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XYNTHA® Solofuse Lyophilized Powder for Solution in Prefilled Dual-chamber Syringe (antihemophilic factor [Recombinant]) Clinical Studies

14 CLINICAL STUDIES

Three completed multicenter, open-label studies support the analysis of safety and efficacy of XYNTHA in on-demand treatment and control of bleeding episodes and perioperative management, and routine prophylaxis in PTPs with hemophilia A. These completed clinical studies for XYNTHA examined 174 PTP subjects, 94 from the first study, and 50 from a second study, for on-demand treatment and routine prophylaxis and 30 from a third study for surgical prophylaxis. Subjects with severe to moderately severe hemophilia A (FVIII:C ≤2%) and no history of FVIII inhibitors were eligible for the trials.

On-demand Treatment and Control of Bleeding Episodes

On-demand treatment in adolescents and adults

Ninety-four (94) subjects, 12 years of age and older received XYNTHA in a routine prophylaxis treatment regimen with on-demand treatment administered as clinically indicated. All 94 subjects were treated with at least one dose and all are included in the intent-to-treat (ITT) population. Eighty-nine (89) subjects accrued ≥50 EDs. Median age for the 94 treated subjects was 24 years (mean 28 and min-max: 12–60 years).

Of these 94 subjects, 30 evaluable subjects participated in a randomized crossover pharmacokinetics substudy. Twenty-five (25/30) of these subjects with FVIII:C ≤1% completed both the first (PK1) and the second (PK2) pharmacokinetic assessments [see Clinical Pharmacology (12.3)].16

Fifty-three subjects (53/94) received XYNTHA on-demand treatment for a total of 187 bleeding episodes. Seven of these bleeding episodes occurred in subjects prior to switching to a prophylaxis treatment regimen. One hundred ten of 180 bleeds (110/180 or 61%) occurred ≤48 hours after the last dose and 39% (70/180 bleeds) occurred >48 hours after the last dose. The majority of bleeds reported to occur ≤48 hours after the last prophylaxis dose were traumatic (64/110 bleeds or 58%). Forty-two bleeds (42/70 or 60%) reported to occur >48 hours after the last prophylaxis dose were spontaneous. The on-demand treatment dosing regimen was determined by the investigator. The median dose for on-demand treatment was 31 IU/kg (min-max: 6–74 IU/kg) and the median exposure per subject was 3 days (min-max: 1–26).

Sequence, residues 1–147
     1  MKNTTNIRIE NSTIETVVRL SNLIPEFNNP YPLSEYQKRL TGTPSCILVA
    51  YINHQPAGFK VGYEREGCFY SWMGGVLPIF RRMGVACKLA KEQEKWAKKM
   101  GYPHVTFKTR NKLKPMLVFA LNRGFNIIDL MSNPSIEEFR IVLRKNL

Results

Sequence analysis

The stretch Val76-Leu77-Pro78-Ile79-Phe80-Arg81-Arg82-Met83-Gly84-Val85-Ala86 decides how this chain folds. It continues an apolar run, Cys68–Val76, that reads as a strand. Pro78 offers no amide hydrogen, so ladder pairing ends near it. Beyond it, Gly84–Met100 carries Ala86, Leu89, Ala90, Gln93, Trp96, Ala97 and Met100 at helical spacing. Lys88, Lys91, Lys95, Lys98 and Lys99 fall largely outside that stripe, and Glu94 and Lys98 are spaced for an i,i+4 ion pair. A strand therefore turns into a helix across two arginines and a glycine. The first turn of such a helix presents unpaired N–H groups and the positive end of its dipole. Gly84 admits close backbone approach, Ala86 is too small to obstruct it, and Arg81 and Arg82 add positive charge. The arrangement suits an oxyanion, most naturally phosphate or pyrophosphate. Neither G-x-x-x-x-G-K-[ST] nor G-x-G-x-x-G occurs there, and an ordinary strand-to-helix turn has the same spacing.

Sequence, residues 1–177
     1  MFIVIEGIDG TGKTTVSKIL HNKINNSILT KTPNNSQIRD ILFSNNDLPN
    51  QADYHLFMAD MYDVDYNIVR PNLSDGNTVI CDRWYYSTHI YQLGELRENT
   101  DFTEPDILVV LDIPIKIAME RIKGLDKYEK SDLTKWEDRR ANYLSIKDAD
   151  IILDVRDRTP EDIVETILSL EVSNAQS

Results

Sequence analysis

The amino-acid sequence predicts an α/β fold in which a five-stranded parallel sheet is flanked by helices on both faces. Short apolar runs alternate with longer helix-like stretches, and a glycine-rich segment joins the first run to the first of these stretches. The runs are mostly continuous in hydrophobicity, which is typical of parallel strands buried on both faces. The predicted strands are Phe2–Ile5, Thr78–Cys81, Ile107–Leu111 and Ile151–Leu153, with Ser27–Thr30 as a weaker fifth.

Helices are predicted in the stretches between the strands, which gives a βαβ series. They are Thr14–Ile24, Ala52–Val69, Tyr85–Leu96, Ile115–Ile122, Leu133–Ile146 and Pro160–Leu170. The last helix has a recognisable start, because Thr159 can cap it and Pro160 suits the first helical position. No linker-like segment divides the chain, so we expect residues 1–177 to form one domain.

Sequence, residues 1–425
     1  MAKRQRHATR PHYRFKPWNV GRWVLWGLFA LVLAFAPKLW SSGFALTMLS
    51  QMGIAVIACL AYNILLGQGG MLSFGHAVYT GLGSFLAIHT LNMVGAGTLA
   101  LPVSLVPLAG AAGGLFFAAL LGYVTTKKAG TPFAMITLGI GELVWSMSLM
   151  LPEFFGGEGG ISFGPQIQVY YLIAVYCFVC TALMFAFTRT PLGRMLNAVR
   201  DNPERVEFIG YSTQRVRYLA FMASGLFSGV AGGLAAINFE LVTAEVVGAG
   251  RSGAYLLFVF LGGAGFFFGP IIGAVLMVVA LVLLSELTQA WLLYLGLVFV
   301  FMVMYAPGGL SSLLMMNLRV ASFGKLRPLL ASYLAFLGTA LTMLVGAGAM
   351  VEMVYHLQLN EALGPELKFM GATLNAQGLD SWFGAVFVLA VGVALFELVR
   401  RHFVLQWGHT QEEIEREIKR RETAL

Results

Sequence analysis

The majority of bleeding episodes (173/187 or 93%) resolved with 1 or 2 infusions (Table 5). One hundred thirty-two of 187 bleeding episodes (132/187 or 71%) treated with XYNTHA were rated excellent or good in their response to initial treatment, 45 (24%) were rated moderate. Five (3%) were rated no response, and 5 (3%) were not rated.

Table 5: Summary of Response to Infusions to Treat New Bleeding Episode by Number of Infusions Needed for Resolution
Number of Infusions (%)
Response to 1st Infusion1234>4Total Number of Bleeds
*
Excellent: Definite pain relief and/or improvement in signs of bleeding starting within 8 hours after an infusion, with no additional infusion administered.
Good: Definite pain relief and/or improvement in signs of bleeding starting within 8 hours after an infusion, with at least one additional infusion administered for complete resolution of the bleeding episode.
Moderate: Probable or slight improvement starting after 8 hours following the infusion, with at least one additional infusion administered for complete resolution of the bleeding episode.